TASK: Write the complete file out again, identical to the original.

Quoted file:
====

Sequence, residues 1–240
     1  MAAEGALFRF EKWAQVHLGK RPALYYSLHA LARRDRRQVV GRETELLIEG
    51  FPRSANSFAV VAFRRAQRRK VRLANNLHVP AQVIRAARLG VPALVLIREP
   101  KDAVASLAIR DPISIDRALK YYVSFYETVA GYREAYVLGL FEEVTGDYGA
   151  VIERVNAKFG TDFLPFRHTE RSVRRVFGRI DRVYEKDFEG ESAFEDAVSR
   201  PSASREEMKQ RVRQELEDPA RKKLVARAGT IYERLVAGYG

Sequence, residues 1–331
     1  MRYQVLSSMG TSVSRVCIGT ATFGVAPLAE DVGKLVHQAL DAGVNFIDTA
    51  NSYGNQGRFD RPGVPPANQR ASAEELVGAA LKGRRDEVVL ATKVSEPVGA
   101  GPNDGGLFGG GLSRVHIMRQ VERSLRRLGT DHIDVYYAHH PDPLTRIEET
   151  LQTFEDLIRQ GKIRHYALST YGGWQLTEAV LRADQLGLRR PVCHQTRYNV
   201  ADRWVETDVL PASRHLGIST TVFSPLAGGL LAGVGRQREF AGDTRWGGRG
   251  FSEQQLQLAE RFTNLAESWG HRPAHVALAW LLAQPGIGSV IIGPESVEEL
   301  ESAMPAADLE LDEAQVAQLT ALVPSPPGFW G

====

Sequence, residues 1–240
     1  MAAEGALFRF EKWAQVHLGK RPALYYSLHA LARRDRRQVV GRETELLIEG
    51  FPRSANSFAV VAFRRAQRRK VRLANNLHVP AQVIRAARLG VPALVLIREP
   101  KDAVASLAIR DPISIDRALK YYVSFYETVA GYREAYVLGL FEEVTGDYGA
   151  VIERVNAKFG TDFLPFRHTE RSVRRVFGRI DRVYEKDFEG ESAFEDAVSR
   201  PSASREEMKQ RVRQELEDPA RKKLVARAGT IYERLVAGYG

Sequence, residues 1–331
     1  MRYQVLSSMG TSVSRVCIGT ATFGVAPLAE DVGKLVHQAL DAGVNFIDTA
    51  NSYGNQGRFD RPGVPPANQR ASAEELVGAA LKGRRDEVVL ATKVSEPVGA
   101  GPNDGGLFGG GLSRVHIMRQ VERSLRRLGT DHIDVYYAHH PDPLTRIEET
   151  LQTFEDLIRQ GKIRHYALST YGGWQLTEAV LRADQLGLRR PVCHQTRYNV
   201  ADRWVETDVL PASRHLGIST TVFSPLAGGL LAGVGRQREF AGDTRWGGRG
   251  FSEQQLQLAE RFTNLAESWG HRPAHVALAW LLAQPGIGSV IIGPESVEEL
   301  ESAMPAADLE LDEAQVAQLT ALVPSPPGFW G